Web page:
Sunday, February 15, 2009

La formation médicale française est élitiste, violente et antiscientifique, ainsi que culpabilisante et humiliante pour les étudiants

Medical training in France is élitist and anti-scientific, writes Martin Winckler in Le Monde (quoting Marie Agostini's 10-part documentary, L'Ecole de médecine, among other sources), as well as violent, guilt-inducing, and humiliating for students. (Meanwhile Jean-Pierre Balligand and Martin Malvy mention the recent accidents that make Frenchmen believe that the health system is getting worse, while inducing the big institutions to put the blame on the presence of small hospitals…)

Those favoring a national health care system in America will be happy to learn that 1) professors in France teach lessons that are obsolete, that 2) they teach their students to scorn generalized medicine (in favor of specialization), that 3) rather than favoring potential "high-value healers", the system (which he says seems to date from the 19th century) rewards those who are most ready to submit to authority, and that 4) any criticism of the "hospital-university caste" is "condemned to silence — which (the absence of criticism) goes far, in turn, to explain why so many in America, élites and citizens, are enamored by Europe's "flawless" (or close to flawless) health care system, about which they have heard so few bugs.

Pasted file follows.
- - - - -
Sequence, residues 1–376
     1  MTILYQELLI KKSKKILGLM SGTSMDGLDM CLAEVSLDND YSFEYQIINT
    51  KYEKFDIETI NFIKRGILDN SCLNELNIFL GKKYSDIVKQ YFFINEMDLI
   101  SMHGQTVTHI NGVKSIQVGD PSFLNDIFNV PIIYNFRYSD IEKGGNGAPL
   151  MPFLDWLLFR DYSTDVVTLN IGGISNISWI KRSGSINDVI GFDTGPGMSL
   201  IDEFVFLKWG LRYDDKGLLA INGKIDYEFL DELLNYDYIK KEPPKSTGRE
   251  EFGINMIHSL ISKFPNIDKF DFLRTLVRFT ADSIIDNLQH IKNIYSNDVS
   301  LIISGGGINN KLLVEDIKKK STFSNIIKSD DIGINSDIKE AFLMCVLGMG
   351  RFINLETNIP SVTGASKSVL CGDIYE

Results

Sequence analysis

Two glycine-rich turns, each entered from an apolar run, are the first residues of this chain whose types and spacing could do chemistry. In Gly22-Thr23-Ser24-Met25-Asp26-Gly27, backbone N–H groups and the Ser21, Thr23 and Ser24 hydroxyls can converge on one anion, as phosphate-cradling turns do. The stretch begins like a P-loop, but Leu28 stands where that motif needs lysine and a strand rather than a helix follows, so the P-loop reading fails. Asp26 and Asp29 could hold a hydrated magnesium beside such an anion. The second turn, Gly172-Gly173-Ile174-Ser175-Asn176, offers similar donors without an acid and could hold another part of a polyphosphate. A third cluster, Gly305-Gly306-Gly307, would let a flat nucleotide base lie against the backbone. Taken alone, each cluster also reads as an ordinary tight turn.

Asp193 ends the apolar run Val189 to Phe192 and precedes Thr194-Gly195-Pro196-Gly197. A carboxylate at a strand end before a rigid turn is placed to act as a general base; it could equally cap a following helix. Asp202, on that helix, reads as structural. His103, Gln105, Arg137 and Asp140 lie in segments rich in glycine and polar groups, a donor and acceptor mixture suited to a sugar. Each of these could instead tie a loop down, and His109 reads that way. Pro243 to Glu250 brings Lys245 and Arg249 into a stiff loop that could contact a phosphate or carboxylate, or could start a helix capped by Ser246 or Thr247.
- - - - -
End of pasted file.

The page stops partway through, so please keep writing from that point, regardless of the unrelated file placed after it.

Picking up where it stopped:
Le recrutement des étudiants en médecine ne repose pas sur les aptitudes à soigner — qui peuvent être identifiées —, mais sur des critères de sélection datant du XIXe siècle. Par sa forme, son contenu et le traitement qu'il impose aux étudiant(e)s, le concours de première année est contraire à l'éthique et à la raison. Il élimine, de fait, des soignants potentiels de grande valeur et favorise les étudiants les plus susceptibles de se soumettre à l'autorité.
Wanting to put his theories into application, Martin Winckler, the author of La Maladie de Sachs, decided to open his own, private school of teaching, in order to circumvent the "institutions' archaic and reactionary framework". But that proved harder than (or as hard as) he imagined. He will start his school this month — in Montreal…

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